Does childhood bullying scar for life?


New study finds childhood bullying to be associated with poorer health outcomes well into adulthood.

With the rise of the Internet, it seems that in recent years bullying has become a serious problem in our schools and has driven kids to depression, anxiety, and even suicide. Tragic incidences have caught the eye of the public. Fortunately, many schools and parents are no longer taking these issues lightly.

Researchers have begun to investigate the continuing effects that childhood bullying has had on psychological distress throughout adolescence and even early adulthood. While bullying may have recently gained attention in the media, it is not a new trend. Even without the Internet, bullying has always existed and been a matter of concern. But what is the full extent of the effects of childhood bullying? Researchers Takizawa, Maughan, & Arseneault sought to investigate the adverse effects of bullying in the even longer-term, up to forty years later.

The study was published in this month’s issue of the American Journal of Psychiatry. While the findings are new, the researchers have conducted it over the course of almost half a century. In the 1960’s, researchers measured childhood bullying among seven year-old children by surveying their parents about the frequency of which their child was bullied. The researchers re-measured bullying among the participants at age eleven. They then tracked outcomes of psychological distress among participants multiple times throughout adulthood.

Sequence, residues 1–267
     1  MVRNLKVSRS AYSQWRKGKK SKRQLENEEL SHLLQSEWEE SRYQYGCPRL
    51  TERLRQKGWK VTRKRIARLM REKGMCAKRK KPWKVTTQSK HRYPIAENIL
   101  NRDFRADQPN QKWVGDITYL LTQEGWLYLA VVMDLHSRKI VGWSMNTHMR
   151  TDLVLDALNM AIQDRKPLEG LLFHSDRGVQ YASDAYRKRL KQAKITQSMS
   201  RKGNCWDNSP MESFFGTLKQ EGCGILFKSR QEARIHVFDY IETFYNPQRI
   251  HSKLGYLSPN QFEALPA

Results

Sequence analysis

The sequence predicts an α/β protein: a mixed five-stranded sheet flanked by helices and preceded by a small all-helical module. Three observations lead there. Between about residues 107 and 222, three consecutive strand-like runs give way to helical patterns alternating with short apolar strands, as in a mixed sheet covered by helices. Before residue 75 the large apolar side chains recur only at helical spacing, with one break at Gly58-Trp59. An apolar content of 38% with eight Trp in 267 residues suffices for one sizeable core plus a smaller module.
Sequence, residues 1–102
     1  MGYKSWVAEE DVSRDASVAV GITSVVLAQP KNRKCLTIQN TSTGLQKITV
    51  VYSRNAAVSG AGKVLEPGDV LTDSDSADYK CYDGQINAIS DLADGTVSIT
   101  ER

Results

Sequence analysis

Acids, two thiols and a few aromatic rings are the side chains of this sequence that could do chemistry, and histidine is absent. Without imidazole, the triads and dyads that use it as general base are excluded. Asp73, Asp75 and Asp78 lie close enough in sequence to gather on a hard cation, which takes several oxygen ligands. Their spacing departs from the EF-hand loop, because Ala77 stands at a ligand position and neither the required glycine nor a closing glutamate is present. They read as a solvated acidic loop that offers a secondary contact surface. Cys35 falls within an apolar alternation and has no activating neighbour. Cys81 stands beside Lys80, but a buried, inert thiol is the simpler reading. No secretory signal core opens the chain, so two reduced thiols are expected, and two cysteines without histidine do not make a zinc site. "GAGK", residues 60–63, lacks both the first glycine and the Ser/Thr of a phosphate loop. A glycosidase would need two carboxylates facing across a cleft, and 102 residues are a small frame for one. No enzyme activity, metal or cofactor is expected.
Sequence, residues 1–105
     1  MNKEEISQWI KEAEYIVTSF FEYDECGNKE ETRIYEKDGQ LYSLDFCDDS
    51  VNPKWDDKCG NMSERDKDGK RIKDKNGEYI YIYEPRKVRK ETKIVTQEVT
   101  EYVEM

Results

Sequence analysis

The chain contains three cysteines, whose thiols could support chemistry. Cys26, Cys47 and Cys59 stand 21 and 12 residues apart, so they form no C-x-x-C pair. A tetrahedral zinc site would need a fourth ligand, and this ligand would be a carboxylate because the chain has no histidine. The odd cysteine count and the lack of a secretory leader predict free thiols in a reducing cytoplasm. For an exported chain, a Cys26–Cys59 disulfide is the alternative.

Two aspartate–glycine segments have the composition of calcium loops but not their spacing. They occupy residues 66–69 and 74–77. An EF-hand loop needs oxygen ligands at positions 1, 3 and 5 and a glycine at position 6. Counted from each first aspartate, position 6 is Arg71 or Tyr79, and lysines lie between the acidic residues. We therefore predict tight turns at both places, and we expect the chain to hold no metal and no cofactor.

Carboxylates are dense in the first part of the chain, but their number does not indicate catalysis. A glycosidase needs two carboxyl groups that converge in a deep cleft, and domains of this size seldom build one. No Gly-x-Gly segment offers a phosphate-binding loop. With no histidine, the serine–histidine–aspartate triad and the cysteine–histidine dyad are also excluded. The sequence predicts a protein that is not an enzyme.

The study found that slightly more than one fourth of the participants were bullied during childhood, with fifteen percent of them bullied frequently. The results were that being bullied at all during childhood was associated with higher psychological distress at age fifty and an increased risk for depression. Bullying was also associated with poorer general health and reduced cognitive functioning at age fifty. What’s more, fifty year-olds who had been frequently bullied in their childhood were more likely to have lower levels of education, lower perceived quality of life, were more likely to be alone, and have more likely to have economic difficulties.

According to the study, childhood bullying is associated with not only psychological distress, but economic distress as well. While we cannot assume causation, the findings still have important implications. For example, the researchers suggest that the findings could be helpful for designing early intervention programs as well as identifying targets who might be at high risk for adversity later on. Childhood bullying has always occurred and it is highly unlikely that it will ever disappear completely. However, just because it has always occurred does not mean it should be dismissed as a natural part of growing up. Childhood bullying victimization can have lasting adverse health outcomes that are extremely important to address.


Ryu Takizawa, Barbara Maughan, Louise Arseneault. Adult Health Outcomes of Childhood Bullying Victimization: Evidence From a Five-Decade Longitudinal British Birth CohortAmerican Journal of Psychiatry, 2014; DOI:10.1176/appi.ajp.2014.13101401


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